Most people need an incentive to get out of bed on a cold winter’s morning, and for New Zealand trainer Peter Lock it has been the return of his star galloper Hiflyer.
The Group One performer hasn’t been sighted on raceday since 2019 after sustaining a tendon injury, and Lock has taken a long and cautious approach with his return.
“He banged a tendon and we scanned it, and it needed a three-month break,” Lock said.
“It wasn’t serious, but we gave him six months and we put him back into work and it had a little bit of heat in it.
“I decided he had been too good a horse to me for something to go wrong, so I put him out again. The vet said we could press on, but I didn’t want to, so he had another 12 months in the paddock.
“I just kept him at the stables and at my spelling block, and he was tearing around like a two-year-old, so we got it scanned again and we can’t find any problems.
“Touch wood, at this stage it looks better now than what it did when he went out.”
Lock has been pleased with the rising nine-year-old’s progress and was buoyed by his first public hit-out at Matamata last week, albeit on an unfavourable heavy track.
“He is back on track,” Lock said. “He went to the Matamata jumpouts last Thursday and had a nice hit-out.
“Sam Collett (jockey) got off him and was over the moon with him. He didn’t handle the heavy track and that will be the only thing stopping him from heading to the Foxbridge Plate (Group 2, 1200m).”
While heavy track conditions may delay Hiflyer’s resumption, Lock is eager to return to Hastings in the spring where he is hoping his charge can improve on his runner-up result behind Melody Belle in the Group 1 Tarzino Trophy (1400m) three years ago.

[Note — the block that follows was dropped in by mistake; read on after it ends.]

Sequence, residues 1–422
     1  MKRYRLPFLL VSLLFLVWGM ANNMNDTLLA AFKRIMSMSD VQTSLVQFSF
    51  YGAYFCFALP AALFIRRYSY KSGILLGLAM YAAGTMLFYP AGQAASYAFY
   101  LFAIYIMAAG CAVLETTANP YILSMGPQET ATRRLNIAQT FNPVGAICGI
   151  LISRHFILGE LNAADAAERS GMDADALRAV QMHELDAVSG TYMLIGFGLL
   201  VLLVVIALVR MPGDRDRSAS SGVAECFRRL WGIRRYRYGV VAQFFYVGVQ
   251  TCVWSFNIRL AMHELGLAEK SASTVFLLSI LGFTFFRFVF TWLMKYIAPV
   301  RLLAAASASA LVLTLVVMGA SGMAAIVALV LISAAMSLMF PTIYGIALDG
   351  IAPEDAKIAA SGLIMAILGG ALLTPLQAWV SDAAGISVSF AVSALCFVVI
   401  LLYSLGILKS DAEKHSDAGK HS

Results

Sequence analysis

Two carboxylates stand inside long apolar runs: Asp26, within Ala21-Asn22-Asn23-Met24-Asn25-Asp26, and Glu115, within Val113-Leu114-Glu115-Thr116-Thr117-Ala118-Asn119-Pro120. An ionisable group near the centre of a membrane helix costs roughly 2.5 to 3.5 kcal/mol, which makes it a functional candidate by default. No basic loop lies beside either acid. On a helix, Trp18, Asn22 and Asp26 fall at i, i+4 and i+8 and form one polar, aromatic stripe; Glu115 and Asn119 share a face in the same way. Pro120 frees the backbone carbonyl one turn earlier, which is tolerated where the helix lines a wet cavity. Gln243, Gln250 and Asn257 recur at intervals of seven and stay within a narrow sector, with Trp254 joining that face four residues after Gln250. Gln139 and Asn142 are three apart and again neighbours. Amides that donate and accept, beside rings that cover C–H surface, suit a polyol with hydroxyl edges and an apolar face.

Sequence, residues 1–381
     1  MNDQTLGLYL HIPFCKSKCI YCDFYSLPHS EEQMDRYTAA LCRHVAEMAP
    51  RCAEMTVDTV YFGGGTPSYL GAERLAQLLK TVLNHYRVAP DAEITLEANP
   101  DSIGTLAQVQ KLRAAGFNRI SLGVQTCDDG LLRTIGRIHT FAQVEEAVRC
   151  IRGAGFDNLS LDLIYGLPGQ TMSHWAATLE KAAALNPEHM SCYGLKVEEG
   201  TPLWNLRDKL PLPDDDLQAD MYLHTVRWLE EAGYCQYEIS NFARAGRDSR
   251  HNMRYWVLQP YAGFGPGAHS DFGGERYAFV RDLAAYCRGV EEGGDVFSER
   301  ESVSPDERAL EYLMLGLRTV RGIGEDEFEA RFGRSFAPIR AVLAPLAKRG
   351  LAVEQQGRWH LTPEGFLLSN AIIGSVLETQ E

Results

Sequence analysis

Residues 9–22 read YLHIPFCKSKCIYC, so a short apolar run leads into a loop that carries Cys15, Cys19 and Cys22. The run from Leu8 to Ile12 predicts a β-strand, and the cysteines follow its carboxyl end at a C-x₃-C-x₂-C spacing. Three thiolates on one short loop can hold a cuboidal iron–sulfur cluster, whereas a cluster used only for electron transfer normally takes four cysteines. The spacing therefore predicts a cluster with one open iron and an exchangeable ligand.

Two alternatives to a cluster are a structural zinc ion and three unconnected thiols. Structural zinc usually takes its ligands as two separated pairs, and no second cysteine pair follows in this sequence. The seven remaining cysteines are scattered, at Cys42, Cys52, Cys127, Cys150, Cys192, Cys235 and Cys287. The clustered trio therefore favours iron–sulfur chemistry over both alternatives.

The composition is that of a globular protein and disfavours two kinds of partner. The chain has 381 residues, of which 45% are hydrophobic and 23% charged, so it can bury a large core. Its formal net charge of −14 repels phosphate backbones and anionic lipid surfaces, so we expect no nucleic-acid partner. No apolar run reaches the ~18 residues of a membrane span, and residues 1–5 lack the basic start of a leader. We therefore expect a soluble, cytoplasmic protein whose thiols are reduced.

“It is looking like it (track) will be that way (heavy), so we will have to come up with a plan B (for his resuming run),” Lock said. “But hopefully we can target the three races at Hawke’s Bay.”
Looking at the bigger picture, Lock would like to head to Trentham in January where he is looking to redeem a decision he believes cost his horse Group One glory in the Thorndon Mile (1600m) in 2018.
“The big one we are aiming for is the Thorndon Mile (Group 1, 1600m),” Lock said.
“Johnathan Parkes (jockey) said ‘put the blinkers on him ahead of the Thorndon Mile and he will win it’.
“I was reluctant to put them on for the first time heading into a Group One race and I was kicking myself after because he hit the front and started gawking around. I knew I had pulled the wrong rein, but that is racing, and you have got to take it on the chin.”
While he has lofty aspirations for Hiflyer, Lock said he will continue to put the horse’s welfare first and will pull pin on his racing career at the first sign of any issue.
“He is a family pet and I wouldn’t like anything to happen to him, so he is a day-to-day proposition,” Lock said.
“If there is any sign of anything going wrong, he will officially be retired.”
But until then, Lock is animated about his pride and joy heading into spring and would dearly love to tick off an elite-level victory with the son of Tavistock.
“If any horse deserves a Group One it is him,” Lock said. “Whether he can get one or not this time in we will soon find out.”